According to Southwest Wildlife bobcats are common in the North Scottsdale area, particularly where golf courses attract their favorite prey; rabbits, rats and mice. Bobcats appreciate the shade, bird baths, pools and the other wildlife in gardens like the Tranquil Retreat. In addition to small mammals they will eat snakes, lizards, birds, and small house pets left outside unattended.
The Arizona Game and Fish website claims that a bobcat weighs 15-35 pounds, with the males being larger than females. Bobcats are long-legged kitties, up to two feet tall and four feet long. They easily jump 12 feet, clearing a block wall in a heartbeat. Like many cats they are most active in the early morning and at dusk, following established routes proven to yield tasty meals. During the middle of the day they nap in thick brush or under backyard shrubbery. Bobcats will not attack humans and rarely carry rabies. Although they are fairly comfortable around people, they scare away easily.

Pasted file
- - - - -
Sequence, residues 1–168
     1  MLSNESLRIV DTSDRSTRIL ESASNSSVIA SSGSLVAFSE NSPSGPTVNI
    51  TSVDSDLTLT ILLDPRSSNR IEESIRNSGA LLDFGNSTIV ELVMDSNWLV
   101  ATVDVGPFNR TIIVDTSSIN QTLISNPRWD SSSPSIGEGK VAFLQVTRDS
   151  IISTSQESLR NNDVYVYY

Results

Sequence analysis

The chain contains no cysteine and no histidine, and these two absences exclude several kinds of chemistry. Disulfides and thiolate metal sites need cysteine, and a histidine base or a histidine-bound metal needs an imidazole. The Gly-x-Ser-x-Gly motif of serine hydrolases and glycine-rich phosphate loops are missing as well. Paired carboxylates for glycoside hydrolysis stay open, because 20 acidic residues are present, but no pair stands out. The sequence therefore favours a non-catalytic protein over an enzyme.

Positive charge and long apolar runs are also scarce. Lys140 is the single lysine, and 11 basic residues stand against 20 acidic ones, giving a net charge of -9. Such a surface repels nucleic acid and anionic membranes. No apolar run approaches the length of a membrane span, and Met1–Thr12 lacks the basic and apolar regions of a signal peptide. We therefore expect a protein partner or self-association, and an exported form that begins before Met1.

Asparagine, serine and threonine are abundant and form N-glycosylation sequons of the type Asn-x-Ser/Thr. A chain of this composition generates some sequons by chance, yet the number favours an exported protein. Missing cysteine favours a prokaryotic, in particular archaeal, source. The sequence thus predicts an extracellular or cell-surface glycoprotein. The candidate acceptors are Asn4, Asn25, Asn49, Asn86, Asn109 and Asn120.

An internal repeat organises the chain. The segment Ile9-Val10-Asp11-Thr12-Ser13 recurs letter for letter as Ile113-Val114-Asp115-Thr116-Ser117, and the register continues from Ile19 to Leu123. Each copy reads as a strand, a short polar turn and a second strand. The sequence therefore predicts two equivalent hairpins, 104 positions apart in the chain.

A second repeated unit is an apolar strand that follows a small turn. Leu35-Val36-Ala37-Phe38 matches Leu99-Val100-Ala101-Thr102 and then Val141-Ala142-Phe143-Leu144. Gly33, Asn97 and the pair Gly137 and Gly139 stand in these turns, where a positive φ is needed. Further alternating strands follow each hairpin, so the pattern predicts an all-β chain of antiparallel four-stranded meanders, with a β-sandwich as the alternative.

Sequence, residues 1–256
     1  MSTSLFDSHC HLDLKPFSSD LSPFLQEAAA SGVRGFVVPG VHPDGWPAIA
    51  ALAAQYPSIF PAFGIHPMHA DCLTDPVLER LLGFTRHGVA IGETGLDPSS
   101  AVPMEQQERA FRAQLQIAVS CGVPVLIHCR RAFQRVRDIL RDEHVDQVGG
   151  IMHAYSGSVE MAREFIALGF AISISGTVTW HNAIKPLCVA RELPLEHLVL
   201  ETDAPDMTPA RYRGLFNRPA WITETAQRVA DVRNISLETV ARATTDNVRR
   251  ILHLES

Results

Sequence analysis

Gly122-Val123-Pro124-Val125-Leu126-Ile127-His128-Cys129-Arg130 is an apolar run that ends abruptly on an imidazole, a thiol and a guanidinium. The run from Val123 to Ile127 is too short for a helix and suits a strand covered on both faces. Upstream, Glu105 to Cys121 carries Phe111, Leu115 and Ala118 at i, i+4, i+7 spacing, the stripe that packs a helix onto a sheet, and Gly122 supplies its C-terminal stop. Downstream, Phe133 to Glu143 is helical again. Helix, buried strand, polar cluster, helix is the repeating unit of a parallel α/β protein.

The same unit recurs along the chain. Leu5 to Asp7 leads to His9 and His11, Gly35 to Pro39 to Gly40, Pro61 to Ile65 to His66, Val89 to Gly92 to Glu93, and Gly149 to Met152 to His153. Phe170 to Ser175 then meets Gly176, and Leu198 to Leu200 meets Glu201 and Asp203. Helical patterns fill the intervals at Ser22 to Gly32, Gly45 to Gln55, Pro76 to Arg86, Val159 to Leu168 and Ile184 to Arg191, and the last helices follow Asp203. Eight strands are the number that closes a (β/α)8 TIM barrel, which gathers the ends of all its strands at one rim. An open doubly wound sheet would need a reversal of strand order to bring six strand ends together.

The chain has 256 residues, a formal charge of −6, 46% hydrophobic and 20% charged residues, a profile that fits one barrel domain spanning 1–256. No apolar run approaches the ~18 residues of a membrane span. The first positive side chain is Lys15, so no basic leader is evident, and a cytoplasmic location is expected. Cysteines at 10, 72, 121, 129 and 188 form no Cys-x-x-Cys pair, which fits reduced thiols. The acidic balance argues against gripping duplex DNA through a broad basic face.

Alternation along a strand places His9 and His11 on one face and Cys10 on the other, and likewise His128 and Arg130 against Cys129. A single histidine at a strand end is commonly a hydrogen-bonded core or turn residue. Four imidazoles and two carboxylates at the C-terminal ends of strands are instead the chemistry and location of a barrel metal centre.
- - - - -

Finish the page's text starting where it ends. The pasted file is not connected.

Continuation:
A friend and I saw a bobcat near Fossil Creek a couple of years ago. We were creeping down the steep gravel road in low gear when the bobcat trotted in front of the 4-Runner and disappeared over the embankment. We idled there a few minutes exclaiming about how close she’d crossed, and in that time the bobcat reemerged from the brush at the side of the road. Her heavily tufted ears were pricked and dangling limp from her mouth hung a rabbit. In two great leaps she bounded across the road in front of us again and disappeared into the trees.
More recently I read of a bobcat kitten found in a neighborhood, covered with cholla cactus barbs. While the mother watched from nearby the kitten was picked up and taken to Southwest Wildlife where it was treated. Good as new the noisy little bobcat was taken back out where the mother still waited. The door of the cage was opened and the rescuers stepped back. Mom called the baby to her and it walked under her body while she ushered the kitten back out to its desert home.
It is thrilling to see a wild cat in its natural habitat and maybe a bit disconcerting to find one peering in your window. I consider it a rich bonus to life in the desert.